When I was in college, I was your proverbial brain in a jar. I read and wrote all day, and grew cold on the sofa of my 80 degree studio apartment, sipping microwaved tea to warm my sedentary bones. Almost all my memories of the time are cerebral: the excitement of defending Milton’s Adam to a classroom of Satan sympathizers, the frustration of my first crack at Nicomachean Ethics.
In fact, the only real exceptions are a.) sitting outside on a warm spring day to do my reading in the cherry blossoms and b.) the terrible tension headaches that plagued me throughout college, especially my underclassman years. (Also the college cafeteria ice cream bar.)
As a stay at home mother now, I struggle to find space for the cerebral, slipping in an audiobook with chores, carving out time for a book club, writing letters to basically anyone who will write me back. On the other hand, though, in a very real sense, my babies have helped me transcend the brain-vat, into the life of the body. I feel healthier, and more whole, though I miss that dear, unbalanced, brainy old life.
This wasn’t a given, going into motherhood. Pregnancy is a series of unpleasant sensations for me, and while I am indeed much more aware of my embodiedness as waves of nausea engulf me, it’s far from a pleasant experience. Give me the life of the mind any day!
So my babies surprised me. Their physical need for me — and, unexpected by me — my physical need for them. So much of my experience of motherhood, so much of my current day to day life, is centered on the body: the press of a soft, marshmallowy cheek against mine; the relief and relaxation of sleepy night nursing; a toddler making my hair “beautiful” while I pray he doesn’t get the hairbrush stuck. Now that I’m no longer cramped in the same tense position, hour upon hour, but instead constantly interrupted, my headaches have faded to the background.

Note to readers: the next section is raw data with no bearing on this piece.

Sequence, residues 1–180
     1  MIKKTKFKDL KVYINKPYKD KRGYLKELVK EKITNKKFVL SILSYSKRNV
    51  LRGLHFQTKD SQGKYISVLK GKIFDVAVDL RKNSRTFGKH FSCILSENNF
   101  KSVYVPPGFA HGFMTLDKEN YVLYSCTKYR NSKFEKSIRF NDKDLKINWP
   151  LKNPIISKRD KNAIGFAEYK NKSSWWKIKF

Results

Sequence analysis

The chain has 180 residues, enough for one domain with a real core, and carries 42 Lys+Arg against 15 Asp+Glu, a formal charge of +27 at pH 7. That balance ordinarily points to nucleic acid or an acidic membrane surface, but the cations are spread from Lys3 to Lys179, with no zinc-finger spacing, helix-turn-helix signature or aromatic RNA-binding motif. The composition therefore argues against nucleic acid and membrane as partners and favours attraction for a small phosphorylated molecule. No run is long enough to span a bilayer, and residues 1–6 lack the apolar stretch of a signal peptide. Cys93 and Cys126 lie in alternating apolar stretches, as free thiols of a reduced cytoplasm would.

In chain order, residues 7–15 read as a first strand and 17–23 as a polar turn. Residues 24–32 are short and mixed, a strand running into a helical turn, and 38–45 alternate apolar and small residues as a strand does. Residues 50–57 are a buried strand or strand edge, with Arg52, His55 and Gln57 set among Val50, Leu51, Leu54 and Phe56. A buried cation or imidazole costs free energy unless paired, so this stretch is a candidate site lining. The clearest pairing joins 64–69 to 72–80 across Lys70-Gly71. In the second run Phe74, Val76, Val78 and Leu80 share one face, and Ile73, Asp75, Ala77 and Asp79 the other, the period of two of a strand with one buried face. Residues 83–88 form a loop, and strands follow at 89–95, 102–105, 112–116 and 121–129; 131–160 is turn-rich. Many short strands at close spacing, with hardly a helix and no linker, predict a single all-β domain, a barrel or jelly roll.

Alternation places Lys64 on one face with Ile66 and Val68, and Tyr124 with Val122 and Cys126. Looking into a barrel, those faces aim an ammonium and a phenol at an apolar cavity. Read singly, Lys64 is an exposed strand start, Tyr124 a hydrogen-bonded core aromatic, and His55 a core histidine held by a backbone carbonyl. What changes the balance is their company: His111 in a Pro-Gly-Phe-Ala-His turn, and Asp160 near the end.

And then there’s the rhythm of housework, of course. A critical eye cast to the texture of the brownie dough, when once I’d only scrounged the cafeteria. The realization that about 60% of housework is moving material objects from one room to the other.
I fall asleep at night more readily, most nights, the soft breathing of my sleeping babies in the rooms beside me. My body is squishier, but also softer, stretched and sore from lifting fifty pounds of progeny all day, from a long nap time on my feet fussing over dinner, from the weight of milk I carry.
I’d failed to realize, back then, that in giving my children their bodies, they’d give me mine.